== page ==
Looking at it as a young woman escaping reality in a delusion, we see a lot of things in a different sense. Her insistence that the whole experience is a dream is a healthy one. She knows that what she’s seeing isn’t real. And that IS a healthy mindset. Most people get that odd sensation where something’s under their skin. Most people know it’s not actually something in their skin, but instead just an itch. But imagine if someone felt that and didn’t think it was just an itch but in fact a bug burrowing through their arm? They’d really hurt themselves… And that’s why her accepting the dream as reality isn’t a happy ending. And we see the dark hints play out in the ending with the appearance of Absalom in reality. If we’re seeing it through her eyes, she honestly believes Wonderland is real and not a figment of her imagination.

    Both McGee and Carroll play around with the idea of reality and fantasy. The last line in the books is Carroll saying that life may be a dream. But when a young woman, grieving her father, begins seeing things in real life, we start swaying more towards the insane more than the imaginative. We see her “come out of it” only to immediately push for exploration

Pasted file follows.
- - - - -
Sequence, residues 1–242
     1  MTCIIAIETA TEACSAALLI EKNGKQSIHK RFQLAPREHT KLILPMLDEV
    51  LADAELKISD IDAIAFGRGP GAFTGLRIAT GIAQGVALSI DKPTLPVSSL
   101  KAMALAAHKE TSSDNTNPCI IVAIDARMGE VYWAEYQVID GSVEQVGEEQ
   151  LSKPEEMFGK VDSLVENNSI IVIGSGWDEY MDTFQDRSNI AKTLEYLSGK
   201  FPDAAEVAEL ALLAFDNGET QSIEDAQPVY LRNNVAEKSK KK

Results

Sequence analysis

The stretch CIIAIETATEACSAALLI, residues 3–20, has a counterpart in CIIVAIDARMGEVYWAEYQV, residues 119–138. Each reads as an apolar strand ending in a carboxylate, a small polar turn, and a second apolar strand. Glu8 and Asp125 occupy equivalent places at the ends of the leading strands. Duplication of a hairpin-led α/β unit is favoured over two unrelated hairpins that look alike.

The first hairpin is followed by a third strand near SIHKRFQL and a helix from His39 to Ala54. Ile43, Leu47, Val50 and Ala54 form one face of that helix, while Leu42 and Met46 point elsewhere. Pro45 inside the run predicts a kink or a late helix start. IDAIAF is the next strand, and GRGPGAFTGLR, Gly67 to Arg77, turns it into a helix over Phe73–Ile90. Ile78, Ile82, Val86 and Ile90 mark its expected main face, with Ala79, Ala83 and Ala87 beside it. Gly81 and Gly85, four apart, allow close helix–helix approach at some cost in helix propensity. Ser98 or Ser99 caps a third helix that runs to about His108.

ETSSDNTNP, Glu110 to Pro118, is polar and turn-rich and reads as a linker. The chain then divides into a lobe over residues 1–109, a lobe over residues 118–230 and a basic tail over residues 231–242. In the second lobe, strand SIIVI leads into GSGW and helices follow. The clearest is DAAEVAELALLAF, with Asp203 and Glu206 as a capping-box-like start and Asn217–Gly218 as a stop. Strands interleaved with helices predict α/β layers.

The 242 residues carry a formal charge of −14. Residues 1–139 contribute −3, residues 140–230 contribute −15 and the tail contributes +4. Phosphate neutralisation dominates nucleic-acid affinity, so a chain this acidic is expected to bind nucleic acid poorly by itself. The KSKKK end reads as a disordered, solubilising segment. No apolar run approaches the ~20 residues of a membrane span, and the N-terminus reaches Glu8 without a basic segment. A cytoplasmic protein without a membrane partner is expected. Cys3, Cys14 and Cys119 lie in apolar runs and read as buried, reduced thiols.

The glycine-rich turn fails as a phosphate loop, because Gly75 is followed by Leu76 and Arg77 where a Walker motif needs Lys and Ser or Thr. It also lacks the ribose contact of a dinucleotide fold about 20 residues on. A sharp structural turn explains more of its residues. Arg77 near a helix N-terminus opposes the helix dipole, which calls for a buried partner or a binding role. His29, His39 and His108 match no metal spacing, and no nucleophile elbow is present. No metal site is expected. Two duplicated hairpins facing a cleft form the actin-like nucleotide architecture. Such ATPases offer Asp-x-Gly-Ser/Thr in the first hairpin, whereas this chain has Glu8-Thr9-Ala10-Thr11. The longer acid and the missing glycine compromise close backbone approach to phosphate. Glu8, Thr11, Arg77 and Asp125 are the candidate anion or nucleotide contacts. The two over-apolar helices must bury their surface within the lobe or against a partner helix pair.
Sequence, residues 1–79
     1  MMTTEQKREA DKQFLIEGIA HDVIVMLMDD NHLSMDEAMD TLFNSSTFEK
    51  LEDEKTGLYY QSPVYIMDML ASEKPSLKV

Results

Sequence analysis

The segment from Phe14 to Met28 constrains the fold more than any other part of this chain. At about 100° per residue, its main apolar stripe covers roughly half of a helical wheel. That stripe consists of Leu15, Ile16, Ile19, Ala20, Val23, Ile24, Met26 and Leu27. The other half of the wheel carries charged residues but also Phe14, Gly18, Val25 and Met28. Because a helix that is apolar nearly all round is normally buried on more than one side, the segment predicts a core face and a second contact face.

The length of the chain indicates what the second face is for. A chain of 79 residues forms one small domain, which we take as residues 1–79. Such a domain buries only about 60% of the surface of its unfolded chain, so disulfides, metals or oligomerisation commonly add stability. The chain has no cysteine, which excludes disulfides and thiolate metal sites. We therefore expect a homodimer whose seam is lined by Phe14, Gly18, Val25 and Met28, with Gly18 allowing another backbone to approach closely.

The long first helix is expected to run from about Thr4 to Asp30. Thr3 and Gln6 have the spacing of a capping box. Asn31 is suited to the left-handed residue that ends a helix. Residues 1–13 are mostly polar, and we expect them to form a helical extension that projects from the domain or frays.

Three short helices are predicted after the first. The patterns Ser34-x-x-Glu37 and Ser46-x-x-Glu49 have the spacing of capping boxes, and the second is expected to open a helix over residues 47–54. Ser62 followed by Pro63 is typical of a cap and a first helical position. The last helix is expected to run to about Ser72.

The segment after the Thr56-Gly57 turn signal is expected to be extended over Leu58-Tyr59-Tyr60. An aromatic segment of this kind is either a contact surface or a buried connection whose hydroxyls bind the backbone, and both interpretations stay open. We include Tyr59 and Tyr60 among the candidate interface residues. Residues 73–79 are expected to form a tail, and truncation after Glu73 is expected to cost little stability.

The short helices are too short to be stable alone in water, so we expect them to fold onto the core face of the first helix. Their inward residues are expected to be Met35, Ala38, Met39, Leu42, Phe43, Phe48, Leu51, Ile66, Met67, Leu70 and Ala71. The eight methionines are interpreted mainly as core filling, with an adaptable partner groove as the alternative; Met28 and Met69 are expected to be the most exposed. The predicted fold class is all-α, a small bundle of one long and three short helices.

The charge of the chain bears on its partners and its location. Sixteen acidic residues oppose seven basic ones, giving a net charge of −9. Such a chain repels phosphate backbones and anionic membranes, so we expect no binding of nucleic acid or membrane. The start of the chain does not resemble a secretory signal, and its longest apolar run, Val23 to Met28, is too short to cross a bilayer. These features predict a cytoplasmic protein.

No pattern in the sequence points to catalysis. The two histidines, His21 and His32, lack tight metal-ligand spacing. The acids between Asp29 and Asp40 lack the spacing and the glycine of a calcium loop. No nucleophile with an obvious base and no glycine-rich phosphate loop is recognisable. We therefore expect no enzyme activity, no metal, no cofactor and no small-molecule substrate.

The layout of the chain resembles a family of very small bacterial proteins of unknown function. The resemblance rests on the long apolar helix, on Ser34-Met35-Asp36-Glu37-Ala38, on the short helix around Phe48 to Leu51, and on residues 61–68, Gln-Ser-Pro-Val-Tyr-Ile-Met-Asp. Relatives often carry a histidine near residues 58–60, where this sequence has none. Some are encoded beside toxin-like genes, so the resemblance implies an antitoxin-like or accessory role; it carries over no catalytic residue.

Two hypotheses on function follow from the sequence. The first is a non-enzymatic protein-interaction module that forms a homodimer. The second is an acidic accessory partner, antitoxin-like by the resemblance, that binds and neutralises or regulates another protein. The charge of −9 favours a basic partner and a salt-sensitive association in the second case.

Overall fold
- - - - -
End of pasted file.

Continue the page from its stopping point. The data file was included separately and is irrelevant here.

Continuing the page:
But, just like Sleepy Hollow, there’s a clue that I think absolutely proves that this is what Burton was going for. Mia Wasikowska, the actress who plays Alice, is has won multiple awards in Australia and around the world. See some of her other work and you see she can emote. But here, even when hurt or flying through the air, she doesn’t have a spark of emotion on her face. She goes on a tirade to the dog about how she’s been accused of being some woman and she’s going to be forced to fight to the death with a monster. And she doesn’t emote! This is Tim freaking Burton, not Uwe Boll! That’s more than just bad directing. So why is this nominated actress (who won an AFI award for best actress for this role) apparently actively resisting the urge to emote? This is the answer and the biggest flag as to why this is a reimagining of McGee instead of the original Carroll.

    Negative Affect.